E-safety in schools: Beverley Smith

The Director of Friendly WiFi talks online safety

Teaching our children not to talk to strangers has become an everyday part of life. I had it drilled into me by my parents and teachers. It’s something I have instilled into my daughter and the message continues today. Not nice – but absolutely the right thing to do.

But, amazingly, today is a different world than my daughter – now in her teens – would have recognised when she first walked through the school gates.

Beverly Smith

WiFi is everywhere. It’s a huge blessing, and swiftly emerging as a basic service – up there with water and electricity. People expect it. Leaders in all industries make a fuss about their ability to deliver it, and then improve it.

Schools are no exception. Indeed, I’m told the switch to e-learning and device-based lesson planning – including Bring Your Own Device (BYOD) – has been one of the defining changes in teaching practice of recent years.

Governing bodies and proprietors should ensure their school or college has appropriate filters and monitoring systems in place

But while the school gates may be safely shut and security protocols well-rehearsed, WiFi access threatens to throw open a door to the outside world.

So just as we teach our children not to talk to strangers in the street or in the park, we must also educate them of the need to be safe online.

The online risks are well documented. Aside from the most immediate and chilling danger of active grooming by predatory criminals is the ready access to pornography and indecent images of children that the internet poses.

Schools are, of course, well aware of the risks and Child Sexual Exploitation risk management is a feature of all good governance.

Governing bodies and proprietors should be doing all that they reasonably can to limit children’s exposure to the above risks from the school or college’s IT system. 

As part of this process, governing bodies and proprietors should ensure their school or college has appropriate filters and monitoring systems in place. Whilst considering their responsibility to safeguard and promote the welfare of children, and provide them with a safe environment in which to learn. 

Considerations include the age range of their pupils, the number of pupils, how often they access the IT system and the proportionality of costs vs risks. 

But the challenge is establishing a certified standard of filtering which everyone can agree meets a minimum threshold, one which provides a base level of security which still satisfies industry and consumers.

Just as we teach our children not to talk to strangers in the street or in the park, we must also educate them of the need to be safe online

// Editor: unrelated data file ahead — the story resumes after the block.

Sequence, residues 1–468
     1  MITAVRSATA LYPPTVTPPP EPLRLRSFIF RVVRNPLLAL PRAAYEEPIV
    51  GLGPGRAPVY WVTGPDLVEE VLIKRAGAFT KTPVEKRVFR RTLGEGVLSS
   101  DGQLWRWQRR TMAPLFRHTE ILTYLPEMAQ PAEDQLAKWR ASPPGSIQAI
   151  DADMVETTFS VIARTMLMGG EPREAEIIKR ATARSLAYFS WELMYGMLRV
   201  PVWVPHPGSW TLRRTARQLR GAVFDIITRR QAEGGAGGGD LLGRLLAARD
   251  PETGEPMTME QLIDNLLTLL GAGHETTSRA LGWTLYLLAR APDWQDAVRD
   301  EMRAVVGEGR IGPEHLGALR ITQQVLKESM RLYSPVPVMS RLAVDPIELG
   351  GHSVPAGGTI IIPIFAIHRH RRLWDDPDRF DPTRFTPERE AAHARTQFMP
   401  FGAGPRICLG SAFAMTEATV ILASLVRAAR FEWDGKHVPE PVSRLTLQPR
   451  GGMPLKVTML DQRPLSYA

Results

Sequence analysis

In a speech to the NSPCC in July 2013, then Prime Minister David Cameron announced plans for the creation of a symbol to establish the safety of public WiFi.

The Friendly WiFi symbol was created and launched the following year in partnership with the The UK Council for Child Internet Safety (UKCCIS).

That vision became Friendly WiFi, the national service of which I am now director. It is the first – currently the only – such service anywhere in the world.

There remains no replacement for vigilance, realism and good practice. But a Friendly WiFi approved venue will block access to pornography and web pages known by the Internet Watch Foundation (IWF) to host indecent images of children.

That removes a huge level of risk at source. The danger, however, is a moving target and a ‘block list’ is updated twice a day.

The list comes from the IWF, and integration with the online safety industry is a feature of our history. Indeed, Friendly WiFi was developed with some of the world’s largest WiFi providers.

They not only support this initiative, but work closely on communicating the standard to their customers. They also provide Friendly WiFi with the latest technical support and policy guidance.

The presence of a government-recognised symbol – the Friendly WiFi symbol – provides all stakeholders but especially parents with the reassurance that their service meets the best standards, and their children are as safe as technology allows.

It can also provide the start of a conversation between us – as educators and service providers – and parents. The conversation is about online safety, how best to approach an issue which only adults can understand, but where the risk is exclusively to children.

No single programme, no single tactic can close the risk to zero. But the clarity which Friendly WiFi provides is a valuable step towards closing the gap between risk and action.

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